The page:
I don’t think that there is any great debate over what makes an ideal “starter fish”. For decades, bettas have been recommended and successfully kept by budding aquarists of all ages. These little fish can lure just about anyone with their brilliant colors and impressive fin displays. They make great starter fish because they are low maintenance and not very demanding. A few bits of food and a weekly partial water change is about all they need. For just a few dollars and with a little creativity, anyone can have a beautiful betta habitat in their home or office.
Creating an ideal betta home begins with a container. Since bettas don’t require a lot of space, they are able to be put in just about anything. Almost any large decorative container will do, from large jars and vases to bottles and bowls…any transparent vessel (you want a good view) with a wide enough opening can be made suitable. They don’t require additional equipment like heaters (most homes are warm enough), filters and lights so you won’t have to worry about cords and clutter. You may choose a more traditional aquarium or bowl, or something outside the box, like a modified (recycled or re-purposed) blender or a clear coffee or tea pot as your betta bowl.
Once you’ve chosen a vessel, you can customize with decorative accents for a truly unique set-up. A coffee or tea pot tank may be decorated with dark brown or black gravel for substrate, and a small espresso cup could be placed as an ornament. Add a small amount of black water extract to condition the water, and it will give the water a slight yellow-brown tint. A blender, (sealed without the blade) might be decorated with clear gems to look like ice or multi colored stones to accent your betta’s color. A floating plant strand or cluster of java moss could create a swirl of green. Both of these would be great conversation pieces on the kitchen counter! The possibilities are endless!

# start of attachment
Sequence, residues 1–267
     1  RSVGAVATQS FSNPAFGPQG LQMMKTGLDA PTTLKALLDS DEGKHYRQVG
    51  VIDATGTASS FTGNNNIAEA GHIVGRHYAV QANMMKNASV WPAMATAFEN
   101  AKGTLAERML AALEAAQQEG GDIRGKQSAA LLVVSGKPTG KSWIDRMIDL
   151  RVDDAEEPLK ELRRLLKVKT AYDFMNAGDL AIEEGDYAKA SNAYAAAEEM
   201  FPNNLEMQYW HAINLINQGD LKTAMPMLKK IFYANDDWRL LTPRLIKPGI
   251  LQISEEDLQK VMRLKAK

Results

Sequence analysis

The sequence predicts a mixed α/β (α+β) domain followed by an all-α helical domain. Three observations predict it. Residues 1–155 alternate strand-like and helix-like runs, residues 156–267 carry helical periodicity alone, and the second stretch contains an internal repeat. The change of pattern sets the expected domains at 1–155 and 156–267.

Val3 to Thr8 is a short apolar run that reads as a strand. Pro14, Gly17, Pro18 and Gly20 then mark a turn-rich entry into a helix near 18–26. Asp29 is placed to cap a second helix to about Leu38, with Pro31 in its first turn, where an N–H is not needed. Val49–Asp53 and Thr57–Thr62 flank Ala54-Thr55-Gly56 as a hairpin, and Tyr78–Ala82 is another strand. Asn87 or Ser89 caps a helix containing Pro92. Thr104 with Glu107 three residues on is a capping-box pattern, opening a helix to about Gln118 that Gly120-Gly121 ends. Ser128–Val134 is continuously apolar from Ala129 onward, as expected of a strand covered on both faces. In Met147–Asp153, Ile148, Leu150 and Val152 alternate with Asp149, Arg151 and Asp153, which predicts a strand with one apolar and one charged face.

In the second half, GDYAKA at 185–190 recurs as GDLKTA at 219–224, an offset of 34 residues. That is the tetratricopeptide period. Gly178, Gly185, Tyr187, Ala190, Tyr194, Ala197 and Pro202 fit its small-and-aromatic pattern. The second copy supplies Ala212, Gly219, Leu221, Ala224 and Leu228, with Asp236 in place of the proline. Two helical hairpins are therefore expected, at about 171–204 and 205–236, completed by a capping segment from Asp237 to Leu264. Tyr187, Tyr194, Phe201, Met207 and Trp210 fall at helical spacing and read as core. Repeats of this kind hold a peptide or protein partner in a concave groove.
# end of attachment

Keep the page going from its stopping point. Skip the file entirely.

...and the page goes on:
A lot of people ask us about the betta bowl on the Fish Room information desk counter. In the set-up, we uses our small floating pond planters in a slightly different way than it was intended. This bowl has a rather natural appearance, with simple black fluorite and a Brazilian sword, much like the popular betta vases a few years ago. Instead of a flimsy plastic dish, we used one of the floating foam planters to top the bowl. Though they are marketed for floating plants in outdoor ponds, they work great to create the same floating plant effect on the betta bowl. The foam was trimmed to fit the top of the bowl and small holes were cut for airline tubing to allow a flow of oxygen in and out of the bowl (lids and other toppers can’t be airtight, since bettas have to breathe free air). This bowl is still a work in progress, we wanted to let customers see how the planter could be adapted for this use.The next step is to find some smaller, trailing plants to put around the base of the Brazilian Sword to conceal the planter and accent the bowl…maybe some Baby’s Tears or Inch Plants (stay tuned!)
These are just a few ideas for interesting and creative betta habitats. Do you have an interesting betta set-up idea to share? We’d love to hear about them in the comments or you could share a pic on our Facebook page! Read more about bettas and betta set-ups at the links below.
Bettas: Caring for your Carnival Prize
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